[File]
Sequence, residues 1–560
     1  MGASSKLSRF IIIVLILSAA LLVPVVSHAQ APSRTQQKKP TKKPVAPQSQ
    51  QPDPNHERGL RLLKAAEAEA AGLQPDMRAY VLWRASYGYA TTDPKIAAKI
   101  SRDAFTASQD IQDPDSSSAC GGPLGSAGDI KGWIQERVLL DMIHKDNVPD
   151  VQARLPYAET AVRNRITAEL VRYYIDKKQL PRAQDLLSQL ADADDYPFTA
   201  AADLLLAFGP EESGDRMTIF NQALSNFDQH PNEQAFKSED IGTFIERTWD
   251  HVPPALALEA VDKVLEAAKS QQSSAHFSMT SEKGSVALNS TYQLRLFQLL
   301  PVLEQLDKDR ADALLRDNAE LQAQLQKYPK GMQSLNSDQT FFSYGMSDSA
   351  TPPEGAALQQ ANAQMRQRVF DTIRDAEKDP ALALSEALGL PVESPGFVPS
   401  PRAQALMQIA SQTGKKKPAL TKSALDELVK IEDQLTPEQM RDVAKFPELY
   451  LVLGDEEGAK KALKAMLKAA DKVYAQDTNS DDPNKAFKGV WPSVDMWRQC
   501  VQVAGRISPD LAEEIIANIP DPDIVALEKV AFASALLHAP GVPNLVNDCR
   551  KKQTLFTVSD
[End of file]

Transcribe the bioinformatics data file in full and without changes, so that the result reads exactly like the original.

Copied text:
Sequence, residues 1–560
     1  MGASSKLSRF IIIVLILSAA LLVPVVSHAQ APSRTQQKKP TKKPVAPQSQ
    51  QPDPNHERGL RLLKAAEAEA AGLQPDMRAY VLWRASYGYA TTDPKIAAKI
   101  SRDAFTASQD IQDPDSSSAC GGPLGSAGDI KGWIQERVLL DMIHKDNVPD
   151  VQARLPYAET AVRNRITAEL VRYYIDKKQL PRAQDLLSQL ADADDYPFTA
   201  AADLLLAFGP EESGDRMTIF NQALSNFDQH PNEQAFKSED IGTFIERTWD
   251  HVPPALALEA VDKVLEAAKS QQSSAHFSMT SEKGSVALNS TYQLRLFQLL
   301  PVLEQLDKDR ADALLRDNAE LQAQLQKYPK GMQSLNSDQT FFSYGMSDSA
   351  TPPEGAALQQ ANAQMRQRVF DTIRDAEKDP ALALSEALGL PVESPGFVPS
   401  PRAQALMQIA SQTGKKKPAL TKSALDELVK IEDQLTPEQM RDVAKFPELY
   451  LVLGDEEGAK KALKAMLKAA DKVYAQDTNS DDPNKAFKGV WPSVDMWRQC
   501  VQVAGRISPD LAEEIIANIP DPDIVALEKV AFASALLHAP GVPNLVNDCR
   551  KKQTLFTVSD